How Does This Medicine Work?
works by blocking the action of an enzyme in the body known as inosine monophosphate dehydrogenase (IMPDH). This enzyme is needed for T- and B-lymphocytes (cells that are part of the immune system) to multiply.
Transplant rejection occurs when the immune system, which is responsible for fighting infections, sees the transplanted organ as foreign material, and tries to get rid of it. By preventing the production of more T- and B-lymphocytes, CellCept makes the immune system less active, which can help prevent transplant rejection.
Is It Safe for Children to Use CellCept?
CellCept is approved to prevent transplant rejection in children as young as three months old who have received a kidney transplant. It is not approved to prevent liver or heart transplant rejection in children, as it has not been adequately studied in children for these uses. Talk to your child's healthcare provider about the risks and benefits of using this medicine in children.
Can Older Adults Use It?
Older adults can use this medicine. However, they may have an increased risk for CellCept side effects
, including infections, an accumulation of fluid in the lungs (pulmonary edema), and gastrointestinal bleeding (GI bleeding). Therefore, older adults should be closely monitored during treatment with this medicine.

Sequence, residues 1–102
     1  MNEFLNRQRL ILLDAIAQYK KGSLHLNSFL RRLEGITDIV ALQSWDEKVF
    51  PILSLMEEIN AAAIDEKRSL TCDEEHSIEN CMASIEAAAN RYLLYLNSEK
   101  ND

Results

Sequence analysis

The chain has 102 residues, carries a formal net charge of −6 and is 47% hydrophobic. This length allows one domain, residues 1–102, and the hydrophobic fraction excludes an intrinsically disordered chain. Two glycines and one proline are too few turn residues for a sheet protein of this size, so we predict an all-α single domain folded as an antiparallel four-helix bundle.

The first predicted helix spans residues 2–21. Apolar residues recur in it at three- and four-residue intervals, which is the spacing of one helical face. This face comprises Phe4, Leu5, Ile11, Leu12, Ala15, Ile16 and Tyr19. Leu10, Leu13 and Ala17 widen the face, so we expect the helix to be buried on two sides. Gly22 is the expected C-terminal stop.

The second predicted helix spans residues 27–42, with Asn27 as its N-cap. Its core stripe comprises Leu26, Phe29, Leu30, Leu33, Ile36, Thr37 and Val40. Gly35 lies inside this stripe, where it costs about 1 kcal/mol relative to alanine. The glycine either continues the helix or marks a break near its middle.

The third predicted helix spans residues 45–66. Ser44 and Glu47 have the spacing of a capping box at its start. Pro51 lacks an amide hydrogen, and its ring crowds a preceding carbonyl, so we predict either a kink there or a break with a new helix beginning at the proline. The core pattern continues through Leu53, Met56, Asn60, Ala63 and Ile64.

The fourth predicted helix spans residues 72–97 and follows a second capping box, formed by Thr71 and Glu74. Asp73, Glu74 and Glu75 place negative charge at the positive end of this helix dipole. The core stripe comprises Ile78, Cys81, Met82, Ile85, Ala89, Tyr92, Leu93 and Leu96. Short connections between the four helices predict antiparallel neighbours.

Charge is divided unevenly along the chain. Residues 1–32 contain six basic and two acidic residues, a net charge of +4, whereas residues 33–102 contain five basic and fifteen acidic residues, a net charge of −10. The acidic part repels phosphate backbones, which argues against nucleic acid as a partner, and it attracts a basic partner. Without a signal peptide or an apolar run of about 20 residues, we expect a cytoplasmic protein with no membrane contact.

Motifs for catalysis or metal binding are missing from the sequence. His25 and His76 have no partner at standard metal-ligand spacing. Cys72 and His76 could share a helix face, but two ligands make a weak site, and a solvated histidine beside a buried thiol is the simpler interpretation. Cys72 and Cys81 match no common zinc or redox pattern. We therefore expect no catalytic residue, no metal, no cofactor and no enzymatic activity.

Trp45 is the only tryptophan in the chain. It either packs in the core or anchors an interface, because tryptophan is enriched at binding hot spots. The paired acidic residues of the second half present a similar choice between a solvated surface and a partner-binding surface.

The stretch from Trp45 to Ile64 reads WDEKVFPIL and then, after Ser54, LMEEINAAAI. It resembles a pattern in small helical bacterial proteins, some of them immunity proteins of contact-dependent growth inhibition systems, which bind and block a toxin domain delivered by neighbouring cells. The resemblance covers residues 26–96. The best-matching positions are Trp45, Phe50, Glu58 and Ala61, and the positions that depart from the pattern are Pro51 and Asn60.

Off-Label Uses for CellCept
On occasion, your healthcare provider may recommend this medication for something other than the prevention of a transplant rejection after a kidney, heart, or liver transplant. This is called an "off-label
" use. CellCept may sometimes be prescribed off-label to treat:
- Idiopathic thrombocytopenic purpura (a disorder that causes abnormal clotting of the blood)
- Lupus nephritis (kidney inflammation caused by systemic lupus erythematosus)
- Kidney disease
- Atopic dermatitis
- Myasthenia gravis (an autoimmune neuromuscular disorder).